|FOR IMMEDIATE RELEASE|
|Date:||August 16, 2005|
|Contact:||Andrea Keller Helsel, NPCA, P: 202-454-3332|
New Study Says Longfellow Legacy in "Fair" Condition
“The Longfellow house has a first-rate cadre of staff and supporters,” said NPCA Vice President for Government Affairs Craig Obey, “but they can’t do it all. Congress and the administration need to do their part to address the funding shortfalls that are crippling America’s heritage.”
According to NPCA’s new State of the Parks assessment, the Longfellow house, grounds, and extensive museum collection are in “fair” condition, scoring a 72 out of 100. An annual shortfall of $400,000 prevents the National Park Service from filling key maintenance and curatorial positions, affecting the condition of the historic site and its many treasures, some of which are stored in attics without proper environmental controls. Insufficient funding has also caused the park to be closed eight months of the year¾restricting access for visitors and school groups¾and only open five days a week during the summer season.
NPCA is concerned that this funding shortfall undermines the significant progress and financial investments made by the park’s successful friends group, dedicated volunteers, local organizations and universities, and the park’s congressional delegation, to preserve the site over the past few years.
In July, Congress passed the fiscal year 2006 budget for the National Park Service with a 3 percent cut.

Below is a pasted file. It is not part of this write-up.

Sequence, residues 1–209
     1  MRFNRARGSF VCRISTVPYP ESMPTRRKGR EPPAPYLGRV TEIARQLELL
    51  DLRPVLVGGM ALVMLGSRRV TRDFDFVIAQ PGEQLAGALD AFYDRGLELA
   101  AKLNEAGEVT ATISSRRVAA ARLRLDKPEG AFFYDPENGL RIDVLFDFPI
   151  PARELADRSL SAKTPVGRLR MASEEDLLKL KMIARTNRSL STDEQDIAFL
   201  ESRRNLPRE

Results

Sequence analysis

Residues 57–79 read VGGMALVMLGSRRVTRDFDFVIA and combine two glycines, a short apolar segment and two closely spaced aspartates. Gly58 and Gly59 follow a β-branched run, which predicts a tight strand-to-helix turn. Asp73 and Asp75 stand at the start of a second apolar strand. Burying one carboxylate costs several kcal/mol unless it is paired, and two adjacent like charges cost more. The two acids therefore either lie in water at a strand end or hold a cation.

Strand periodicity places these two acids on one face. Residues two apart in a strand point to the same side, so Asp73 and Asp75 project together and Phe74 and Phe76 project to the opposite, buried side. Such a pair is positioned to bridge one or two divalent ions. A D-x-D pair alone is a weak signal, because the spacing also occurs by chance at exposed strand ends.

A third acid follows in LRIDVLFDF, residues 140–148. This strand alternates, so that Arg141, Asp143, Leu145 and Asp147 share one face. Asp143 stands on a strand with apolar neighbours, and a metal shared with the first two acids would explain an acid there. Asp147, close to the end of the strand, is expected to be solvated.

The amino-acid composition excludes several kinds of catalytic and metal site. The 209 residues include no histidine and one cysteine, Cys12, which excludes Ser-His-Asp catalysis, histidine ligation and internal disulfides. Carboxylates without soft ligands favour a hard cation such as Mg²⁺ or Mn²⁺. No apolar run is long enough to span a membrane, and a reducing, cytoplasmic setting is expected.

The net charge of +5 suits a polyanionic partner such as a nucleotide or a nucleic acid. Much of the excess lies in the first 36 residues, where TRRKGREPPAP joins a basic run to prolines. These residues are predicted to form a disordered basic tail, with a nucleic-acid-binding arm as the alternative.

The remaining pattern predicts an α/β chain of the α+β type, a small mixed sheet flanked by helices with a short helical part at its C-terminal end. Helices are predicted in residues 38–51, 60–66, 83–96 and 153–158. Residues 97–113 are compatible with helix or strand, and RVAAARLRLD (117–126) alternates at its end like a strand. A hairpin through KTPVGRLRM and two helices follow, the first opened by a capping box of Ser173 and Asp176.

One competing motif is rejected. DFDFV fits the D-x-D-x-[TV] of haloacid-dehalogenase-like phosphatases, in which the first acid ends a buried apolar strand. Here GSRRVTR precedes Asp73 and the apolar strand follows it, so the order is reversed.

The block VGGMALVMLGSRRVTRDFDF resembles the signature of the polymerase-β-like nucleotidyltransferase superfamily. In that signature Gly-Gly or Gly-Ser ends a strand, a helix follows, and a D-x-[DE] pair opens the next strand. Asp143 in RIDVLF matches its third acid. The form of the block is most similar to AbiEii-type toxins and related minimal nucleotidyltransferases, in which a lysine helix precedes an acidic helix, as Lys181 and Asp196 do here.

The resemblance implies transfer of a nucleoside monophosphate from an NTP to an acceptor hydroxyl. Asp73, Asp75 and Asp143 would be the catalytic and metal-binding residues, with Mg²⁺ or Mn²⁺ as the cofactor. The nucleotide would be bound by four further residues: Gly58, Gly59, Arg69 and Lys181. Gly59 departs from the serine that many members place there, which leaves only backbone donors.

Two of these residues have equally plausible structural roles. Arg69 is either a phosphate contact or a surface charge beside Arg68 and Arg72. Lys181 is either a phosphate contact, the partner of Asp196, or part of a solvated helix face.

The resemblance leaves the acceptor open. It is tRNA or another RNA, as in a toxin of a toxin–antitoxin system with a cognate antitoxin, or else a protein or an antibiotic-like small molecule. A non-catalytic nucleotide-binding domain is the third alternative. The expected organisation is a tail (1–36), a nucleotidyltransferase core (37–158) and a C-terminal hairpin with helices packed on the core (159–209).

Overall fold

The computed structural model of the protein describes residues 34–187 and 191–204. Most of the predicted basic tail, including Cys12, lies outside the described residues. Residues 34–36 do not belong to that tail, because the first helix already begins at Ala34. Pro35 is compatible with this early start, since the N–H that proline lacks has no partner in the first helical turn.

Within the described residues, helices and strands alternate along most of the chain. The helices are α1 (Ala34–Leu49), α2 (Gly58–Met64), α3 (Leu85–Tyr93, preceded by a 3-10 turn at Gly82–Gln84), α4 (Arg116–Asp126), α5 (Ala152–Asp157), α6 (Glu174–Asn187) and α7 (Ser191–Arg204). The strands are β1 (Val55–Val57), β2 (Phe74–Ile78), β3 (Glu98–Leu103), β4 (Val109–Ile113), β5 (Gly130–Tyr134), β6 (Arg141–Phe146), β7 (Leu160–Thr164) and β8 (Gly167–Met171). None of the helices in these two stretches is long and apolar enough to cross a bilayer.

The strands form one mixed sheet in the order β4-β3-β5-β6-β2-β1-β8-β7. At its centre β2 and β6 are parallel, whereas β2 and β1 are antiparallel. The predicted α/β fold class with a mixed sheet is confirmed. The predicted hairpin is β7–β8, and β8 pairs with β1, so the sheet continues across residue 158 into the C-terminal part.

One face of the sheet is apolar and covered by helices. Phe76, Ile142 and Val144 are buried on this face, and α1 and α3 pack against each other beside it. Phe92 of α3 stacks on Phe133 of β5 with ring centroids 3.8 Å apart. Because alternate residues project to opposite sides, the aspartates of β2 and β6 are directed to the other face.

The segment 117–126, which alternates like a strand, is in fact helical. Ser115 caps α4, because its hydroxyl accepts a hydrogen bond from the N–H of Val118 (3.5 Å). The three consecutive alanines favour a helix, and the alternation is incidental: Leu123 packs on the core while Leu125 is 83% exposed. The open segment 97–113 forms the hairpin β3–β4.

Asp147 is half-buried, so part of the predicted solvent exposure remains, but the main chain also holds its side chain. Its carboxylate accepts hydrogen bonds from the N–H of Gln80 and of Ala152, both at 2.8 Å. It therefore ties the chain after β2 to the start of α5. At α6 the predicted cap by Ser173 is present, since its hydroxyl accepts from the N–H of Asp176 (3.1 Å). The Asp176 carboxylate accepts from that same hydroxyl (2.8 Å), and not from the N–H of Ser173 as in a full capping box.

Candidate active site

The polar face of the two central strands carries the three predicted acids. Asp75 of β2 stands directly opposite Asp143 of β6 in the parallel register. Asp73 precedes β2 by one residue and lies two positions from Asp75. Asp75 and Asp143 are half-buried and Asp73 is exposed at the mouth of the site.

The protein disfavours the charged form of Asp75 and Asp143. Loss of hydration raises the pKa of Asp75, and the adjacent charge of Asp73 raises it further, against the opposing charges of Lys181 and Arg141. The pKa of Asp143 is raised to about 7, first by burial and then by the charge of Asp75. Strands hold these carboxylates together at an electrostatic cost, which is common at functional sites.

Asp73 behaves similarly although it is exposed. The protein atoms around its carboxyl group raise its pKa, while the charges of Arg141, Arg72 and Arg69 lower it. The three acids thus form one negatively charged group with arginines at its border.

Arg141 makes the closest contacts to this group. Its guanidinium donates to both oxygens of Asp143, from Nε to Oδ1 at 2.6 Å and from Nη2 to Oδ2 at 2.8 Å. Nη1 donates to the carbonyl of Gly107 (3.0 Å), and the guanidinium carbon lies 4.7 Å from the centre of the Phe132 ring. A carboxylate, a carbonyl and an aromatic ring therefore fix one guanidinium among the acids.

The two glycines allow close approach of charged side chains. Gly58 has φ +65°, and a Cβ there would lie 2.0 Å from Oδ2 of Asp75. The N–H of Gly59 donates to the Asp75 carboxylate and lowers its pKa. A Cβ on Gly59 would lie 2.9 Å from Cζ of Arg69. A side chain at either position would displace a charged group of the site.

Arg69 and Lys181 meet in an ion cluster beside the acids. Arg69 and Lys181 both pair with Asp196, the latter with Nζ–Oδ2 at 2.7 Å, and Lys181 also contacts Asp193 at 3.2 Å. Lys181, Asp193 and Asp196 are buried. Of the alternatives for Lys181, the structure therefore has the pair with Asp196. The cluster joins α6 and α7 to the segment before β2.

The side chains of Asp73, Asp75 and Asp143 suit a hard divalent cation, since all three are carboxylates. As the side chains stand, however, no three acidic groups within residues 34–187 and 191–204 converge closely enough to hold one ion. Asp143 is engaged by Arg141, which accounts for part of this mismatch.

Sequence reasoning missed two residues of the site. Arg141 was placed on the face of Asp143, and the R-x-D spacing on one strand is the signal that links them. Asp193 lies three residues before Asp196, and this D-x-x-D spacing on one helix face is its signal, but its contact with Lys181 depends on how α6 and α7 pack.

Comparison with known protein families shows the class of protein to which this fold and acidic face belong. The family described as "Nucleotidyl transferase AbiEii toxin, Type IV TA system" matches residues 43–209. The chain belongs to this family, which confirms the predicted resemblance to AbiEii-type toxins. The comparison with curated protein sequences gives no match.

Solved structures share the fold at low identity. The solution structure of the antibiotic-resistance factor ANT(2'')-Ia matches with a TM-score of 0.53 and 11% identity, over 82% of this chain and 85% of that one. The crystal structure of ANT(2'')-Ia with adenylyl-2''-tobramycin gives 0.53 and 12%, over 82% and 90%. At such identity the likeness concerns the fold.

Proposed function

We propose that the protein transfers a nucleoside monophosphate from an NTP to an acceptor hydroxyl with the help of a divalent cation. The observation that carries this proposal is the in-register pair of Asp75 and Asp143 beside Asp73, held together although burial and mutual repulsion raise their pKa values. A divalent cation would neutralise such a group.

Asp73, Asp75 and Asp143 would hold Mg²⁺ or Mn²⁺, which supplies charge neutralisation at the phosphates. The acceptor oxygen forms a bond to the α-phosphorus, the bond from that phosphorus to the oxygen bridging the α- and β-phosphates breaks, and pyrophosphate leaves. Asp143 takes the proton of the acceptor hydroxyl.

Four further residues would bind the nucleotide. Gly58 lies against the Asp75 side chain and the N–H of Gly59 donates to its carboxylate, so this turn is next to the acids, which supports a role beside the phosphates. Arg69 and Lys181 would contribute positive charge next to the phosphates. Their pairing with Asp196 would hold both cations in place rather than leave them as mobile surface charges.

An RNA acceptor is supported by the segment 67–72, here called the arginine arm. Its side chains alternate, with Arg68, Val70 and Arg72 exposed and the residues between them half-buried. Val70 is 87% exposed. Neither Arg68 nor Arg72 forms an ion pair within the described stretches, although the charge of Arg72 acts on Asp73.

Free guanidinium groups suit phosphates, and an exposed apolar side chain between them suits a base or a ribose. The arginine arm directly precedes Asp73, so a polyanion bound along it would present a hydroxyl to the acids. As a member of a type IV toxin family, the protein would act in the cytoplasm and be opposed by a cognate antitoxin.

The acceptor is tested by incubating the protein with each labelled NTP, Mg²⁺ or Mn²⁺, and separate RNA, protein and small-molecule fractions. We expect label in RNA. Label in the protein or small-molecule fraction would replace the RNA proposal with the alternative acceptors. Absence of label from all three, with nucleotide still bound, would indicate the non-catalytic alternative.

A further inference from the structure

Next week, Rep. Mark Souder (R-IN), Chairman of the Criminal Justice Subcommittee of the House Government Reform Committee, is holding a field hearing at Faneuil Hall in Boston to review the funding needs of national parks in the Northeast, including the Longfellow house.
The Boston hearing is the third in a series of congressional hearings -— the first focused effort by Congress in decades to examine national park funding needs in-depth, and to identify solutions to meet the challenges. Information gathered during the hearings is being used by Congressman Souder to establish a comprehensive record of the needs and challenges facing the nation’s parks -— one that mirrors and expands upon existing data gathered from other sources.
Designated Longfellow National Historic Site in 1972, this historic mansion, built in 1759, was home to one of the world’s foremost poets, scholars, and educators, Henry Wadsworth Longfellow, who lived here from 1837 until his death in 1882. Other notable occupants included George Washington, who used the home as his headquarters during the early months of the American Revolution 1775-1776, and plotted strategy with his generals here during the Siege of Boston.
NPCA launched the landmark State of the Parks program in 2000 to assess the health of national parks across the country. The product of a year-and-a-half-long analysis, “Longfellow National Historic Site: A Resource Assessment,” is the 25th NPCA State of the Parks report.
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